The most popular blogs out there are disabling comments on their sites (other example, and anoher one). This is not circumstantial, it is a dominating trend. Too bad. I'm positive all these guys would have preferred to have vibrant communities of readers that react to what they publish and interact with each other, creating a feeling of belonging and loyalty (and increasing page views and revenues in the process). They ban comments due to the negativity driven by some commenters (trolls as they're called) that spoil the experience by introducing deliberately confrontational hard statements that immediately trigger a defensive reaction in the audience. Then it goes downhill from there.
This phenomenon has existed for years now and it seems to be a pattern, not a behaviour driven by novelty that ends up adjusting over time. It doesn't. So it probably reflects something fundamental of the human psyche. I believe most people create certain relationship filters when we know we will have to deal with someone in the long or medium term, and inevitably soften or adjust our behaviour to regulate confrontation, which is an emotionally costly thing to be involved into. Now, when you move to an environment (for the first time ever) where these filters do not apply, there are people that unleash their inner asshole, probably releasing them from a burden they cannot cope with in daily, regular interactions with other human beings. Channelling aggresiveness has always been an interesting topic, still to be fully understood. So somehow I understand these bursts of verbal violence as some people's two minutes of hate.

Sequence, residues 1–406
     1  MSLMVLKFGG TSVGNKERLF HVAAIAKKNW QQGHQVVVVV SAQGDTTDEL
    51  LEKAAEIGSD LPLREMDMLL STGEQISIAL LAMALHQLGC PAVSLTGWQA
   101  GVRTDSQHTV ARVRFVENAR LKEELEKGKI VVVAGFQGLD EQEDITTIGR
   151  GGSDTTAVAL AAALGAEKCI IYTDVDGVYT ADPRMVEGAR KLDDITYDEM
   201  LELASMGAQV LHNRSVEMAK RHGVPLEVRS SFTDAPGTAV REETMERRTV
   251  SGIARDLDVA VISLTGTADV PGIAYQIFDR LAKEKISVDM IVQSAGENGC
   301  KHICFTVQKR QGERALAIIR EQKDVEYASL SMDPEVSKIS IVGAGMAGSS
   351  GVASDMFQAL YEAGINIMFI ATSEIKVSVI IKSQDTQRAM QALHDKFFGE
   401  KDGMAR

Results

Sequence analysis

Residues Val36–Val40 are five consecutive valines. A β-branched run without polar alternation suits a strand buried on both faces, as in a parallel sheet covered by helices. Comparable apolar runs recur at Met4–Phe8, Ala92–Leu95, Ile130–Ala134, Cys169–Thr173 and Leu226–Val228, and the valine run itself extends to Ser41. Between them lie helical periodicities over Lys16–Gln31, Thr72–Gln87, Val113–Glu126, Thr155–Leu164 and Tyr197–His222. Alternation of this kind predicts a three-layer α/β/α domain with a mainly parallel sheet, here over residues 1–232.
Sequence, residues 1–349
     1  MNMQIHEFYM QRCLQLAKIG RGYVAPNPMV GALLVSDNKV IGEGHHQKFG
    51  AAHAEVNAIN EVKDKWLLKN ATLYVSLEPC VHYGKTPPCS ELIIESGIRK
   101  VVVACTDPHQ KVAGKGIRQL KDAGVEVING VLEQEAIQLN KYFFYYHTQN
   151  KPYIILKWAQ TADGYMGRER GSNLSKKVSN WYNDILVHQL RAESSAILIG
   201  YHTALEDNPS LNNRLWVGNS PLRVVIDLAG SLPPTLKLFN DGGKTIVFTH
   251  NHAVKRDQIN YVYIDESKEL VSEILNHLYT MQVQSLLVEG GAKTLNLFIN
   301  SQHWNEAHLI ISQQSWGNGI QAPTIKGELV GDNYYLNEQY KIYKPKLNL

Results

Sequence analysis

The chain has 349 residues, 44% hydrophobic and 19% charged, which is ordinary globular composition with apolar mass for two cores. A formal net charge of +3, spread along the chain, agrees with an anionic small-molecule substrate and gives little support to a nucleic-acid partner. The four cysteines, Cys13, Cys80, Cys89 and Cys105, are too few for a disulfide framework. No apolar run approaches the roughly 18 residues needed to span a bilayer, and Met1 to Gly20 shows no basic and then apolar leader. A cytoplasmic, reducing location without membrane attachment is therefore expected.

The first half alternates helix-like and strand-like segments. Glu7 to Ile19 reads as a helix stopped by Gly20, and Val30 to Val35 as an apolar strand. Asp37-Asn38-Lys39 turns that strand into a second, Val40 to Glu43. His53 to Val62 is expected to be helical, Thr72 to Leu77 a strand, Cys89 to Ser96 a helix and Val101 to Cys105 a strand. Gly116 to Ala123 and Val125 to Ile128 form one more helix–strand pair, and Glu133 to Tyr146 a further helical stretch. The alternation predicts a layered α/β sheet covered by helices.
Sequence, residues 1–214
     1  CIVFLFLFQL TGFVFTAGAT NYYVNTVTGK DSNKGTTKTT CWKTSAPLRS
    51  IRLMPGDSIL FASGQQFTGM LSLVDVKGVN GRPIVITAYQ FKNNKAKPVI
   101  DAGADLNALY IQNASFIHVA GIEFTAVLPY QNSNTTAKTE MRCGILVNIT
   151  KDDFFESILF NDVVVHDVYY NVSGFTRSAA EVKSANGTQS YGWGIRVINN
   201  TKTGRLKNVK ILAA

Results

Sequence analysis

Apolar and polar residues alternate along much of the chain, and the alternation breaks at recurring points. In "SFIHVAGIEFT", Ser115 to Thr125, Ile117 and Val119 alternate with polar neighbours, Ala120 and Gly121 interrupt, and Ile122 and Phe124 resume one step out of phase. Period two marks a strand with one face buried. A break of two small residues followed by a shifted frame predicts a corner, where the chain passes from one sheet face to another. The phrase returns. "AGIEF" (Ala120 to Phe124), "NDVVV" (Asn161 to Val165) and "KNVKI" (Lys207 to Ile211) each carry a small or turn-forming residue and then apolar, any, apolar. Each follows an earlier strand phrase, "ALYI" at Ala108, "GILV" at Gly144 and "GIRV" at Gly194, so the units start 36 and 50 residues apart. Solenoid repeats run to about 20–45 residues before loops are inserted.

I must confess the challenge stimulates me: how to create a vibrant online community that captures the best of both worlds? The global reach of the web allows for human connections that would have never been possible. Making the most out of those connections, and avoiding the two minutes of hate phenomenon, would release a huge amount of value to us all. That is a worthy goal.